Rock has been making its way back into the mainstream lately, especially because some popular artists have been infusing their music with rock elements. Miley Cyrus is one of those artists, and she believes there is a freedom that rock 'n' roll has that other genres are lacking

Cyrus' latest album Plastic Hearts was released this past November, and it reached No. 1 on the Top Rock Albums chart. It features collaborations with rockers such as Joan Jett and Billy Idol, who've both been major influences for her throughout her life.

The singer was featured as the latest guest on the Spotify podcast Rock This With Allison Hagendorfand she explained that she didn't grow up listening to a particular genre or trying to make a particular style of music.

"'Pop' is short for popular. And when I was a kid and I would listen to pop radio on my way to school every single day, it was everything. It was country music, it was David Bowie, it was the Rolling Stones, the Beatles. Those are big pop songs — those are big, mainstream, popular songs," she reflected.

"And I think now in 2021, when you think of pop music, you don't think of the word 'genuine' or 'authentic.' You think of 'formulaic' or 'strategic' or, you even heard about the formula, especially as a songwriter. I mean there are producers and writers that write music off of a formula that they feel that works, and that's just not the way that I wrote Plastic Hearts," the vocalist admitted.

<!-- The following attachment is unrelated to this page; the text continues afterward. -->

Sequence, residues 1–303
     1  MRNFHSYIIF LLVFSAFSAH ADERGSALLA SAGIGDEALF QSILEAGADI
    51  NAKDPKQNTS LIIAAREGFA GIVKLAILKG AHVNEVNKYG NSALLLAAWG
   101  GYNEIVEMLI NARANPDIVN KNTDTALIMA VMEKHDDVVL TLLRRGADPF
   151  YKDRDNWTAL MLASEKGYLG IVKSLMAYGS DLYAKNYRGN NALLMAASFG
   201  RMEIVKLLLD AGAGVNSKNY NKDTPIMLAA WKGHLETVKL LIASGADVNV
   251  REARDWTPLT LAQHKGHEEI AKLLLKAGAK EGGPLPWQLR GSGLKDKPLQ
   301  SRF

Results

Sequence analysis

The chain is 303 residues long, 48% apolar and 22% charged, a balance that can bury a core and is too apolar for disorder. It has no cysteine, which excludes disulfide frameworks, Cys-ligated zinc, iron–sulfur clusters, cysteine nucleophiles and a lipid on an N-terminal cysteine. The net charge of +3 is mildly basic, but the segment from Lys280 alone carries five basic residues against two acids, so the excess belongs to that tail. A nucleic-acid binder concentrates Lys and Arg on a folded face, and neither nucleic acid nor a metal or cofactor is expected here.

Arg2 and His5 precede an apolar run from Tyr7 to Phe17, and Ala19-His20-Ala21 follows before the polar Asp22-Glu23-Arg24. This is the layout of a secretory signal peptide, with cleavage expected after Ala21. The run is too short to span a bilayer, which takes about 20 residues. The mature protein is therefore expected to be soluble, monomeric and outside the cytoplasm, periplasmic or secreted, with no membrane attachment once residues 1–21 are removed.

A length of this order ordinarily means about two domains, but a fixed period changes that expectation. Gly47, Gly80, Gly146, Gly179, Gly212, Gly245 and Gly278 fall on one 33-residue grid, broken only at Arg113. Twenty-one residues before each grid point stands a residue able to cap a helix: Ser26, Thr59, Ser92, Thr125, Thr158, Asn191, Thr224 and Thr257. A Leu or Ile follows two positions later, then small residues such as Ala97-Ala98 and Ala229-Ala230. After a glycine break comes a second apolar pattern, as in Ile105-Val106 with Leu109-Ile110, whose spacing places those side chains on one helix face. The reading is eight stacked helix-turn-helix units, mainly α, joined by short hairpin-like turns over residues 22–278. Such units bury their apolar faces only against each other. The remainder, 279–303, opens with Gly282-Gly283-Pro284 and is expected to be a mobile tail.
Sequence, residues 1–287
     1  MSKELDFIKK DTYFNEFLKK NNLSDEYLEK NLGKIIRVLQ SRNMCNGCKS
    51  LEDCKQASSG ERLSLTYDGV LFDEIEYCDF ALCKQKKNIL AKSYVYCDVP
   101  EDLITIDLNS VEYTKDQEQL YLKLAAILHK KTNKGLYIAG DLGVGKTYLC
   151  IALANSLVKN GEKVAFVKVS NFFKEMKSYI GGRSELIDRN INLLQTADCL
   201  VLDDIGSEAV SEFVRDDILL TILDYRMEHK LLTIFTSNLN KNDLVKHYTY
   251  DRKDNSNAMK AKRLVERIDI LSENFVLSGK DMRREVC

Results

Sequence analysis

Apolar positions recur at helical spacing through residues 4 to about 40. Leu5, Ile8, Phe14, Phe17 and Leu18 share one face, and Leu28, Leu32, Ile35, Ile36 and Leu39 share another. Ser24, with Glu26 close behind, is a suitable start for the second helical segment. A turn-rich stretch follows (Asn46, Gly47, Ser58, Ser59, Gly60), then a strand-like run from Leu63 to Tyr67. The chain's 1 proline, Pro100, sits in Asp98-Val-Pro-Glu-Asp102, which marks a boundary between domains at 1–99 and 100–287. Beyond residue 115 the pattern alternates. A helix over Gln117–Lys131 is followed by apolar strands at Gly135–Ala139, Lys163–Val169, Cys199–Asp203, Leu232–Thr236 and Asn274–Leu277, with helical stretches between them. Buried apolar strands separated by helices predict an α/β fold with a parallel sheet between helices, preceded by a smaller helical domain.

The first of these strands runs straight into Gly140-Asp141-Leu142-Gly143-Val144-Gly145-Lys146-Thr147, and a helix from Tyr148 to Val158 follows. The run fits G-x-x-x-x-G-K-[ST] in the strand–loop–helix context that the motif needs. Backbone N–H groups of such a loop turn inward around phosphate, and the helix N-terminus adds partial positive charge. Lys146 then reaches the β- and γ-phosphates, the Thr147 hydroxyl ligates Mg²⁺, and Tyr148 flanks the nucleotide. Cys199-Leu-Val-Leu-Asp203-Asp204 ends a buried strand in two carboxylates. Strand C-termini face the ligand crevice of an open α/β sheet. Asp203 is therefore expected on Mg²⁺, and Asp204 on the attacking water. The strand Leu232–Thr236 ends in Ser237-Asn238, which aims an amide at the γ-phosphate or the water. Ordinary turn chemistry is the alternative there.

"There are those calculations, but I don't follow those structures."

Throughout the interview, Cyrus repeated that she's happy to see that music playlists and other related means of music consumption are starting to be curated based off of a mood now more than a genre. However, she does have her own definition as to what rock 'n' roll really means.

"Rebellion, and I feel that it's confrontational," she declared. "I feel that there's a freedom in rock 'n' roll music that I wish for every genre, and I wish for my own... Rock 'n' roll is a lifestyle. It's a lifestyle choice, it's not taking 'no' for an answer, and that's something that I've learned from a lot of these females, like Joan."

"I would say that's what rock and roll used to represent is crossing the line. I think now it's about erasing it."

Listen to the full podcast episode below.

The 12 Most 'Metal' Artists That Aren't Actually Metal

More From 92.9 NiN